USA Today has recently nominated Costa Rica as one of the 10 best places in the world to observe animals in their natural habitat. Between the misty mountains, the secluded beaches, the lush jungle of the rainforest, and everywhere in between, the animals in Costa Rica are still easy to come by (for now at least).

But don’t underestimate these smart little buggers! They have adapted to their environment and camouflaged themselves so well, that seeing them in the wild is not an easy task. Luckily, we spent quite a bit of our time in Costa Rica away from the tourist trails and closer to the animals’ natural habitat, probably increasing our chances of spotting these awesome unique and exotic Costa Rica animals. So here are some of my favourites! 

Mantled Howler Monkey

Howler Monkeys are native to the forests of Central and South America and are the easiest animal to spot in Costa Rica. They are famous for their loud howl (hence the name howler) noise that can be heard for miles. They typically live in a group of 6-15, so if you spot one, it is very likely that more are around.

They spend majority of their days resting and sleeping and seem to be most active in early evenings. Don’t worry about keeping an eye out for these guys, you’ll hear them before you see them. They are most prevalent in rural areas with lots of trees and vegetation.

Costa Rican Animals: Mantled Howler Monkey

Mantled Howler Monkey, Costa Rica

White Headed Capuchin Monkey

He may look familiar, (umm hello it’s Marcel from Friends!), but you won’t find this white-headed monkey in its natural habitat anywhere but in Central America. It’s highly intelligent and and is rather versatile, living in different kinds of forests and eating different kinds of food. These monkeys often hang out in groups of 20-40 and tend to live a long life of over 54 years old.

These are more rare than the howler monkeys, but still easily spotted in areas like Manuel Antonio, Monteverde and other reserves and national parks.

Costa Rica Animals: White Headed Capuchin Monkey,

White Headed Capuchin Monkey descended from the trees to grab a little treat

Two-Toed Sloth

These tree living fur-balls mammals, are native to South and Central America. The ones in Costa Rica come in 2 varieties: the two-toed sloths and three-toes sloths. They spend majority of their days hanging upside down, asleep for 16 to 18 hours each day. They can’t walk, so if you are hoping to spot one while in Costa Rica make sure to look up high in the jungle canopy. 

Costa Rica Animals: Two-toed sloth

Two-toed sloth hanging in a tree near Santa Elena town in Monteverde Cloud Forest Region, Costa Rica


The pizote is a member of the raccoon family and despite the fact that it doesn’t look like your typical North American raccoon, it certainly possesses a lot of the same behavioural qualities. Pizotes range between 30 and 70cm in length, but weigh only about 2-8kgs. Despite their small frame, they have strong jaws and sharp teeth and, just like their North American cousin, can be often found digging for food in garbage bins.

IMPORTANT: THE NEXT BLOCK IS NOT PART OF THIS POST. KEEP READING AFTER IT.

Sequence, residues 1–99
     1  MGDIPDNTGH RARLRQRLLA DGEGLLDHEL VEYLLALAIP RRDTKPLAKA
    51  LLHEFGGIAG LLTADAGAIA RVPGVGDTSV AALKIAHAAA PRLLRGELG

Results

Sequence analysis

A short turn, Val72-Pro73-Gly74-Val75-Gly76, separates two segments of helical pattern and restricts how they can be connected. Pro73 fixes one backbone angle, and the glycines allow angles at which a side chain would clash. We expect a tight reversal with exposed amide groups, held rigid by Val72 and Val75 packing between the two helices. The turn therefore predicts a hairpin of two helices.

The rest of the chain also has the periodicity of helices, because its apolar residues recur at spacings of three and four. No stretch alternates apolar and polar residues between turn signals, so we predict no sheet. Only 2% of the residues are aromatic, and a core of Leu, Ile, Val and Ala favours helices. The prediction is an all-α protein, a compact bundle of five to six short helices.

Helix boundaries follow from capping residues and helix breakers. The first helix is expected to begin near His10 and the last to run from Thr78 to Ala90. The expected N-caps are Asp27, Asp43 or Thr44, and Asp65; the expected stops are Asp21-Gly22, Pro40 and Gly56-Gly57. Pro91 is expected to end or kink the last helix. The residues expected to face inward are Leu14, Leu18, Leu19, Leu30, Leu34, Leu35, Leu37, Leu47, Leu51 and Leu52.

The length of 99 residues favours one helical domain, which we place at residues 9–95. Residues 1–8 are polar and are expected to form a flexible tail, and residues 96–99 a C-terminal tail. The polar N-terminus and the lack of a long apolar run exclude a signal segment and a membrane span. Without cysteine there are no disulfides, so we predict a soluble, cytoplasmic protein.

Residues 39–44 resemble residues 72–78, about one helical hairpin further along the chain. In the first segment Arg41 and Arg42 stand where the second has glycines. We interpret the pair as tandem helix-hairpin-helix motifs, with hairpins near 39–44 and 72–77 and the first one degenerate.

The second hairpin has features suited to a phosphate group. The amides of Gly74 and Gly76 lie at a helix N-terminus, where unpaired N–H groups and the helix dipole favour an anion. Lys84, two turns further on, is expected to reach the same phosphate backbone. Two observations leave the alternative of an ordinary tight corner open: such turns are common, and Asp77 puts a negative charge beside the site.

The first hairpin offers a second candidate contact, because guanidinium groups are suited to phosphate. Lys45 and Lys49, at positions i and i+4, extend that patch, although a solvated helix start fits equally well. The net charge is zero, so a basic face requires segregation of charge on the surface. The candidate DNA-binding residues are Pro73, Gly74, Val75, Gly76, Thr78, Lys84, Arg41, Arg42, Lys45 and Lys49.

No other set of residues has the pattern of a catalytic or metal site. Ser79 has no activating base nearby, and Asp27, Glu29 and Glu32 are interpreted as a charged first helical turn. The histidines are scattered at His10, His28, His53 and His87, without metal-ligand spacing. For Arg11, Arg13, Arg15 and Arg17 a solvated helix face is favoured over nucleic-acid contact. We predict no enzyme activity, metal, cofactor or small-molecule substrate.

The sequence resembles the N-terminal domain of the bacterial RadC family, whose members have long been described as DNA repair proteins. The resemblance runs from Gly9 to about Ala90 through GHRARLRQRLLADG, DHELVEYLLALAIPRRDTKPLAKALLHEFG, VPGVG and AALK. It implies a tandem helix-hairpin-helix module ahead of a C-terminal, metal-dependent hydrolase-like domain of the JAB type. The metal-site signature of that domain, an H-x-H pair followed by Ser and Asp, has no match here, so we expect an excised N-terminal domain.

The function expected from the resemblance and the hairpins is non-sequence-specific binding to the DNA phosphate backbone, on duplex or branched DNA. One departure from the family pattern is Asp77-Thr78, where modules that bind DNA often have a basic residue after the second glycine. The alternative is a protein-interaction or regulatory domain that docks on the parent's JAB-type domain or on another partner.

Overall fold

Costa Rica Animals: Pizote

Pizote, a member of the raccoon family, digging through the garbage at the Monteverde Cloud Forest Reserve

He’s cute isn’t he?

Keel-Billed Toucan

While toucans inhabit majority of the South and Central American continent, this specific type is particularly popular on the Caribbean side of Costa Rica. They are not easy to spot in the wild, but I loved that we got a chance to see one of these when we made a stop at the Las Pumas Rescue Center near Liberia.

This toucan was beautiful, just as bright and colourful in real life as in photos!

Costa Rica Animals: Toucan

Toucan at the Las Pumas Rescue Center near Liberia, Costa Rica. Photo Credit: Max St John


Ocelot, also known as a dwarf leopard, is an incredibly adorable looking wild kitty that is prevalent in most areas of South and Central America.  Despite being extremely common and not at all endangered, these wild cats don’t just roam the jungles of Costa Rica. Ocelots may spend their days resting in trees or other dense foliage, but seeing them in the wild, even in National Parks or Reserves, is rare.

This little guy was once kept as a pet in a Costa Rican home. When he grew up and started showing his wild side his owners gave him up to the Las Pumas Rescue Center where he is based to this day.

Costa Rica Animals: Ocelot

Ocelot at the Las Pumas Rescue Center near Liberia, Costa Rica. Photo Credit: Max St John

Nothing beats seeing some of these awesome animals in the wild, but if luck isn’t on your side during your travels throughout Costa Rica, be sure to stop by the Las Pumas Rescue Center located on the Interamerican Highways on the way to Liberia for a chance to see the Toucan, the Ocelot and a few other unique Costa Rican animals.

The Rescue Center has done a great job at replicating the natural habitat of these animals helping them live a better life no mater what their original life story was.

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Spotting Costa Rica animals in the wild is a tricky task, but here are a few you might spot during your time in Costa Rica.

What are some of the cool animals you have come across in your travels?